Natalie Borrowman
Natalie Borrowman
Honduras 2016
Natalie Borrowman is a recent Belmont graduate in Spanish and Global Social Entrepreneurship. This summer, she is in Honduras with Mission Lazarus. Working with the boys in the ML vocational program, her project aims to secure business elements for their social enterprise structure. Read More About Natalie →

Dirty Hands

The only time my hands really get dirty at home is when I willingly garden on the 4’x6’ foot patio of my fourth floor apartment in Nashville. Once the weeds are gone and all the succulents and catci are comfortable in their new pots, it’s time to clean up. I’ll sweep the deck, finish my watering and then take my hands to the sink. As I scrub my hands under the cold water, the water runs brown- a sure sign that my hands got dirty, that good work was finished today. It’s a rewarding feeling, to scrub your hands and clean under your nails, restoring your hands from their soiled state to fresh, clean, new life again. This is how most days are here in Honduras.

Everything is covered in a thin layer of dust at the very least, so wiping something down with a damp rag can instantly change its color. Taking water and soap to our store completely transformed the experience of our clients- a new fresh scent, shining products, restored. Our staff cleans the trucks each night, to take the dust out from the inside floorboards and wash the mud from the tread on the tires. And part of me has to laugh, because I know that tomorrow night, they’ll have to do the same thing.

I’ve always leaned on the side of clean-freak, so this has been a good challenge for me. In my first weeks, I swept my floor every night before my shower, and I couldn’t dare to leave my cabin once I had showered for fear of getting dirty before crawling into bed. I wore close-toed shoes to keep the dirty from getting on my feet. But eventually I had to give in; no matter how hard I tried to keep the dirt out, the next morning, there would be dust on the floor again that needed sweeping. And how much time would I lose by obsessing over the cleanliness of my space which is worlds better than many of the homes people live in here?

I started realizing this as I was organizing the leather workshop at the vocational school. It’s one of those projects that’s always been on the list to accomplish, but never managed to make it to the number one spot. A long time coming, things have built up and it is dirty. It’s one of those situations where you look around and ask yourself how things even got this way (I know we’ve all felt like this before).

As I’m working on the closet, I can hear my mom’s voice ringing in my head saying, “don’t touch your face with those dirty hands!” But I need to wipe the sweat from my brow and I need to pile my hair up on top of my head to keep it from sticking to my face. So I take my hands over to this wash bin. It is hard to describe without seeing it firsthand; it’s a big tub of water that’s somewhat clean, but not really clean enough to drink. There’s not soap, but its good enough to rinse most of the dirt, leaving the rest for later when there is running water. And I realize I am notorious for this with my heart. I take it upon myself to do my cleaning, the confession, the fixing, and it ends up halfway done, good enough for now but nowhere near good enough to actually be good. Not what I was made for.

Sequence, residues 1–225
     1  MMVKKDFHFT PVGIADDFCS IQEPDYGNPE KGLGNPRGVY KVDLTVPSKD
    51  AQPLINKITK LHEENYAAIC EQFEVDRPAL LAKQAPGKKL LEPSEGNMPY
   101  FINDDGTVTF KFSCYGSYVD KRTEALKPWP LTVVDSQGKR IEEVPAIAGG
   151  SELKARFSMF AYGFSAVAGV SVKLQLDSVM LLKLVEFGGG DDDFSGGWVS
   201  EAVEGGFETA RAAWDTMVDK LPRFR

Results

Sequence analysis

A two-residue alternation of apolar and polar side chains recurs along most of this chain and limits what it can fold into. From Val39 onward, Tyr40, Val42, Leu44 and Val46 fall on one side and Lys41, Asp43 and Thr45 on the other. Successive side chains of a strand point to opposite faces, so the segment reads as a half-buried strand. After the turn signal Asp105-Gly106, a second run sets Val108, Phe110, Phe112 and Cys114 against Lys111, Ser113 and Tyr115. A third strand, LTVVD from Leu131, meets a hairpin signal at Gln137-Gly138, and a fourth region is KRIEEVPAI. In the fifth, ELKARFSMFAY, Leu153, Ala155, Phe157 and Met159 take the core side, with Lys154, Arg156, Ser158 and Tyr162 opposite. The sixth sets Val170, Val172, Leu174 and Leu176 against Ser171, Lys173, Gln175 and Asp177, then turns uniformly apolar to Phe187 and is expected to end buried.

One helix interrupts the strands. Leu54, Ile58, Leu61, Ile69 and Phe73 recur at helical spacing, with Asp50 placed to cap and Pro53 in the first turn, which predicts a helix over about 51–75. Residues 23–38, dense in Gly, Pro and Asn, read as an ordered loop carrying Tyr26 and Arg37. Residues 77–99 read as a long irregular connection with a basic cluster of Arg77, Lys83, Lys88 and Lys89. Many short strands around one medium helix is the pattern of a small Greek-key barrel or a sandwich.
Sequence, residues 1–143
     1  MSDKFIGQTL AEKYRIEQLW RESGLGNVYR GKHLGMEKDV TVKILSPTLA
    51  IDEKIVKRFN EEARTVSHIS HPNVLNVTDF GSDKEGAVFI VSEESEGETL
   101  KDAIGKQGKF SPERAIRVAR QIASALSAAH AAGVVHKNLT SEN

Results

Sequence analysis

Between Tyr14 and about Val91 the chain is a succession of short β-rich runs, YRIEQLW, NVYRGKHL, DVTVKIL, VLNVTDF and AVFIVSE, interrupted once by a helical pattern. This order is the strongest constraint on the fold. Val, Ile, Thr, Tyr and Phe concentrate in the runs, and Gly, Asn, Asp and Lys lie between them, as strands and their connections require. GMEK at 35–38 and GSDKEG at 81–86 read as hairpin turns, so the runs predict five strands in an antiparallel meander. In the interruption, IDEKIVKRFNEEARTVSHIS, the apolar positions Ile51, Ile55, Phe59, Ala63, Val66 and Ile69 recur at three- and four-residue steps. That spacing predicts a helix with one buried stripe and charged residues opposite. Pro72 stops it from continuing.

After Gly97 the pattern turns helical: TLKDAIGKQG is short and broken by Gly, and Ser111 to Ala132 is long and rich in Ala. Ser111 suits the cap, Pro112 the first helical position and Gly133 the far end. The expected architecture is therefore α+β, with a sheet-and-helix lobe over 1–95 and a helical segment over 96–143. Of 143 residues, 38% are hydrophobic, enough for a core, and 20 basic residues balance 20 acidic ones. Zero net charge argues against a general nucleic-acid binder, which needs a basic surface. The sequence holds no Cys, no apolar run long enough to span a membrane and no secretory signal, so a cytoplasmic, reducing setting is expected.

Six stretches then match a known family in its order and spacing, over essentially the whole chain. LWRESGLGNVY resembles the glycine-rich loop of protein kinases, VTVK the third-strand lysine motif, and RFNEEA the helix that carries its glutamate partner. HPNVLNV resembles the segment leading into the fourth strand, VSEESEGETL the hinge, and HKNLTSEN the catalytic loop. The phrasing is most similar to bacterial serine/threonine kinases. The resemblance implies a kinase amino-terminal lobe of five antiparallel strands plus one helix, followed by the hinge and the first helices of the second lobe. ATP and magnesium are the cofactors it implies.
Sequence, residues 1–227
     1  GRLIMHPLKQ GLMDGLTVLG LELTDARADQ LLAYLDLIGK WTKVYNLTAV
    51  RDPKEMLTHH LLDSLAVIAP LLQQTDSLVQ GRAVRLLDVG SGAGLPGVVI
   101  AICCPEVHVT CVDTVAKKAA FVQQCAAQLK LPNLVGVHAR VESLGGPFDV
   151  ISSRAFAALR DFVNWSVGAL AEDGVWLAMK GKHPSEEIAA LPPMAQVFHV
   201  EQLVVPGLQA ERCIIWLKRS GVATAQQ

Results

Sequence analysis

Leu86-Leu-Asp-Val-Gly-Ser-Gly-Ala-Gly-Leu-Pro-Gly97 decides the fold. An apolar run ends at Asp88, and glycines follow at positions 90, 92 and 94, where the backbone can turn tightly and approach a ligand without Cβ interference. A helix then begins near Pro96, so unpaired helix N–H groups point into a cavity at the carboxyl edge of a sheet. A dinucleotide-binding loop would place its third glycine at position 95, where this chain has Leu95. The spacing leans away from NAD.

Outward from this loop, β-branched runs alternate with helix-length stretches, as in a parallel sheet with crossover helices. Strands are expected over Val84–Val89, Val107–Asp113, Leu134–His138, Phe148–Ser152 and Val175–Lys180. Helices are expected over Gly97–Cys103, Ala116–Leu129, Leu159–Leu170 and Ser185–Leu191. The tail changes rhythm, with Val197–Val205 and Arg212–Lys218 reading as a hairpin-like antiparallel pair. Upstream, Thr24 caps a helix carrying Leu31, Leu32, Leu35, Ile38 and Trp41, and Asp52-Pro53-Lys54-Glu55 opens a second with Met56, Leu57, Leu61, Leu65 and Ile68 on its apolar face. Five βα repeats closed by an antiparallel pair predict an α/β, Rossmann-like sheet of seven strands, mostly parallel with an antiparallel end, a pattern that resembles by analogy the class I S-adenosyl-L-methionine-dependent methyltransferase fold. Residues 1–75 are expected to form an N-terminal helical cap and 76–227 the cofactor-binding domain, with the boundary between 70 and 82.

Isn’t this true of us all? We all have dirt in the cracks and crevices of our hearts, but we so badly want it clean- or to at least appear clean to others. We can’t dare to be vulnerable when we are fixated on how other perceive us. So we are continually under maintenance. Rather than embracing our dirty hands, our broken state of being, we are trying our best to keep things looking pulled together from the outside. And this self-righteousness cuts us off from all ties to glory. It tries to pick up the cross and walk rather than accept the gift of grace Jesus already completed for us when HE picked up the cross and walked. No matter how many showers you take, or how many times you sweep the floor, whether or not you use soap and water- you cannot make yourself clean enough by your own works before The Lord.

And you don’t have to.

As I start to pull out the items gathering dust and dirty from the shelves of the closet, I’m uncovering more and more dirt. It’s discouraging and uncomfortable, and you want to stop- cause cleaning two shelves of the closet is good enough for now. But no, God wants all of it. If we withhold from Him, we are only cheating ourselves. The parts that we bury will only surface later in a new form, they’ll keep squelching out your progress until they reach the surface. Your heart, the entire heart good and bad, needs addressing. God wants you to bring every crack and crevice before Him so He can restore it, cleaning it with the blood of Jesus and breathing into it new life, that it could be made clean. He doesn’t want us to hold anything back from Him. There is no such thing as too much, there is no limit to His grace. And this is far more than we could do on our own.

So yes, it’s a little comical that we have to clean continually here, washing the trucks each night, sweeping the floors with frequency. But it is the picture of Your God who does that same. Your God who joins us little plants in our dirt to weed us, to re-pot us, to help us grow, without fear of soiling His hands. He is the source of our clean water.

See, we cannot stay clean on our own, with our faults we return to our Lord at the end of the day for restoration. And His mercies are new every morning. Without hesitation or resentment, He cleans us. And He doesn’t keep track of how many times He has had to do so. Embrace your dirty hands, and bring them to the spring of life, your Living Water for restoration, and watch the water run brown as you become new.

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